SpaceX Falcon Heavy booster spotted at Texas rocket testing HQ

SpaceX's fourth Falcon Heavy center core is vertical at the company's rocket testing HQ three weeks after it was spotted on the road. (jswartzphoto - Twitter)

Three weeks after the building-sized rocket was spotted on its way to Texas, SpaceX’s next new Falcon Heavy ‘center core’ has gone vertical at the company’s rocket testing headquarters.

Spotted by a local resident on February 25th after hearing an exceptionally loud (“house shak[ing]”) static fire the night prior, the Falcon Heavy booster may have been responsible for that commotion. All three Falcon Heavy cores and “single-stick” Falcon 9 boosters use the same setup of nine Merlin 1D engines and offer more or less identical performance on their own, so Wednesday’s unusually loud tests were probably just a fluke of atmospheric attenuation.

Still, SpaceX’s Falcon booster static fires are likely the loudest tests it performs at McGregor, making Falcon Heavy center core B1065 (or B1066) the most obvious culprit. If that’s the case and the last of the latest batch of three new Falcon Heavy boosters has been successfully qualified with a full-duration static fire, SpaceX is firmly on track for the rocket’s next launch.

As previously discussed on Teslarati, a US Space Force spokesperson recently spoke with Spaceflight Now, revealing a slight delay from late-May or June to July 2021 for Falcon Heavy’s fourth launch. Known as USSF-44, the mystery mission could be followed by another Falcon Heavy launch – USSF-52 – as early as October 2021, a turnaround that seems improbable without USSF-44 side booster reuse or a major uptick in booster production and testing.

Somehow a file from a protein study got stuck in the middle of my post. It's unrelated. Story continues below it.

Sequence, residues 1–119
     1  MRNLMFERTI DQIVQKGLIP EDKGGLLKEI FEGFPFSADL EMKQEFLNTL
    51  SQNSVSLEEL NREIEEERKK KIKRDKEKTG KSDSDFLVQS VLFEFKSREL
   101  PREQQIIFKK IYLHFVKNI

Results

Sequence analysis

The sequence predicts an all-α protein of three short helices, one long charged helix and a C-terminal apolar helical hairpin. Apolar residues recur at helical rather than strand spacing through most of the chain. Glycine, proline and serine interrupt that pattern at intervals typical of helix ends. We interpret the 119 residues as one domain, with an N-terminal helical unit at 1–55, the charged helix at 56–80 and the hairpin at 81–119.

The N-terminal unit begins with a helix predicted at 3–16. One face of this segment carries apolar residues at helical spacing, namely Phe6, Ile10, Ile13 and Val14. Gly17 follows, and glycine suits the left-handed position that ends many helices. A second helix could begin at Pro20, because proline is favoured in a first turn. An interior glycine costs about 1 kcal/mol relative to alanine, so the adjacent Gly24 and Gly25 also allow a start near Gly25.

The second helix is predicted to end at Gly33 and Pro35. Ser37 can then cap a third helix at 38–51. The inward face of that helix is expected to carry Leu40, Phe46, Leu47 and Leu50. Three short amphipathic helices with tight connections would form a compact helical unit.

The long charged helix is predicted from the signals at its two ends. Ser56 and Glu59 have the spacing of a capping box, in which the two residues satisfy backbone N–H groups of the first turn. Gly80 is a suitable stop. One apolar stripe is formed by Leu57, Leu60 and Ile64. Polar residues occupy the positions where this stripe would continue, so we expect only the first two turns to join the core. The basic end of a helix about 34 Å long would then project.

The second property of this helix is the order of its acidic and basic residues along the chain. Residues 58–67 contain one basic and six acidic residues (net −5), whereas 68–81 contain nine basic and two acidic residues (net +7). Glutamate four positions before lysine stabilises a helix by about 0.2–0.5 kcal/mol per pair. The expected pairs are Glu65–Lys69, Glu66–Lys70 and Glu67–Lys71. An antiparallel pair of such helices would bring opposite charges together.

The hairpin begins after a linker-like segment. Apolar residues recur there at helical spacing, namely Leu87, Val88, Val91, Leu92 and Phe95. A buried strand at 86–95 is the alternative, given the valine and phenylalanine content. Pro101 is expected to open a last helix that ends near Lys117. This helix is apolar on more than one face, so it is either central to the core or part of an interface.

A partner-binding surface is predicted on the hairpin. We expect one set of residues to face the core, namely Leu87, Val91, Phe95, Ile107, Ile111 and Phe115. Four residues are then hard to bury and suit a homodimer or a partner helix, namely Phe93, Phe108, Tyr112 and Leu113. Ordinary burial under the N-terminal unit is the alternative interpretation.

The center core now vertical at SpaceX’s McGregor campus was previously spotted making its way through East Texas on February 3rd, representing a fairly quick turnaround if the booster did perform a static fire just three weeks later.

SpaceX could be ready to send the booster onwards to Florida in early March if that brisk pace continues, leaving a comfortable amount of time to complete, test, and deliver Falcon Heavy Flight 4’s payload fairing and expendable upper stage. The mission will debut Falcon Heavy’s expendable-center-core configuration, meaning that at least one more new center core will be headed through McGregor within the next few months if the rocket’s Flight 5 (USSF-52) schedule is to hold.

Eric Ralph: Eric Ralph is Teslarati's senior spaceflight reporter and has been covering the industry in some capacity for almost half a decade, largely spurred in 2016 by a trip to Mexico to watch Elon Musk reveal SpaceX's plans for Mars in person. Aside from spreading interest and excitement about spaceflight far and wide, his primary goal is to cover humanity's ongoing efforts to expand beyond Earth to the Moon, Mars, and elsewhere.
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